• One in three children is now overweight or obese, and the percentage is growing.  According to the CDC, obesity among children aged 6 to 11 years increased from 6.5 percent in 1980 to 19.6 percent in 2008.   The American Academy of Child & Adolescent Psychiatry notes that childhood obesity is extremely difficult to treat; and overweight children are much more likely to become overweight adults.
  • Children who watch more TV consume more of the high-calorie, low-nutrient foods they see advertised; the link to physical inactivity is not as strong as the link to junk-food marketing.  Randomized trials have demonstrated the link between TV exposure, food advertising, food choices, and intake levels.
  • The increasing prevalence of sugar-sweetened beverages is strongly linked to the rise in American obesity.  Soft drinks “contribute more energy to the diet than any other single type of food or beverage,” and they are some of the cheapest energy sources available.  Increasing portion sizes, decreasing prices, and increased marketing have very likely contributed to increased consumption of these beverages.

Make no mistake.  Whatever the big-food marketers may claim, this is about pushing unhealthy food on children who lack the cognitive skills to discern manipulative advertising or identify foods and drinks that stand a good chance of making them sick.  The battle for regulation of junk food marketing to children is one we must fight, again and again, in the years to come.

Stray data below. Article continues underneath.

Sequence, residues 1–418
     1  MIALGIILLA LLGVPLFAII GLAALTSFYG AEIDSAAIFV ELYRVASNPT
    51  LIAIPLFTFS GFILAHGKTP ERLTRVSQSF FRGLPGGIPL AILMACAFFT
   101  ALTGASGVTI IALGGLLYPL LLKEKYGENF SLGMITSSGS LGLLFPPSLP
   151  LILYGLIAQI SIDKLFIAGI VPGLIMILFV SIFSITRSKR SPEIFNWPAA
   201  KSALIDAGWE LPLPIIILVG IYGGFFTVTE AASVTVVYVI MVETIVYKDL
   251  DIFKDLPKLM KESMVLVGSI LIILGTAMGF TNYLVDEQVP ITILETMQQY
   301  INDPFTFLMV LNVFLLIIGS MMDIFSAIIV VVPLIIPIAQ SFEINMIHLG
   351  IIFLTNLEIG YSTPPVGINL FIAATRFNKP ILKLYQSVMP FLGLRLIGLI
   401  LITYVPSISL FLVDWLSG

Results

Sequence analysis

And we cannot afford to loseOne estimate pegs the national cost of childhood obesity at approximately $11 billion for children with private insurance and $3 billion for those with Medicaid; obese children are two to three times more likely to be hospitalized.  The CDC estimates the overall direct and indirect cost of obesity at approximately $147 billion in 2008 dollars.  And remember—obesity rates are rising, and quickly.  Obesity rates rosein 16 states in the past year.  They did not decrease in any.

Let’s return for a moment to that economic impact analysis that Rep. Emerson requested.  The voluntary regulations may cause job loss if (1) companies follow them (because the government would not have any enforcement power), and if (2) following them significantly decreases children’s demand for the products.   That job loss, where workers are unable to shift to another sector, could cause economic loss to an unspecified degree. But what happens if Big Food starts pushing healthy food products? Sales decreases and job losses are simply not necessary consequences of regulation.

If we make no changes to marketing, and the childhood obesity rate continues to increase, we are looking at costs associated with childhood obesity that stand at $3 billion and rising for Medicaid child patients alone, and $14 billion for all children.  And the big-food industry completely externalizes these costs: the bills are paid either directly or indirectly by the public—not by the profiting junk food purveyors.  Those costs do not stem entirely from marketing, of course, but consider the recent steep rise in childhood obesity and concomitant rise in exposure to food advertising.  The link is there.

If the voluntary regulations work as well as the Coalition claims they will, children will consume less low-nutrient, high-calorie food.  Even small changes here add up to big advantages, especially in obesity prevention.  And that translates to dollars coming off our common health care bill.

The FTC is taking public comment on the proposed voluntary regulations right now.  Please use this form to have your say by the July 14 deadline.   The California Endowment has also posted commentary and suggestions on this issue.

[image via awrose]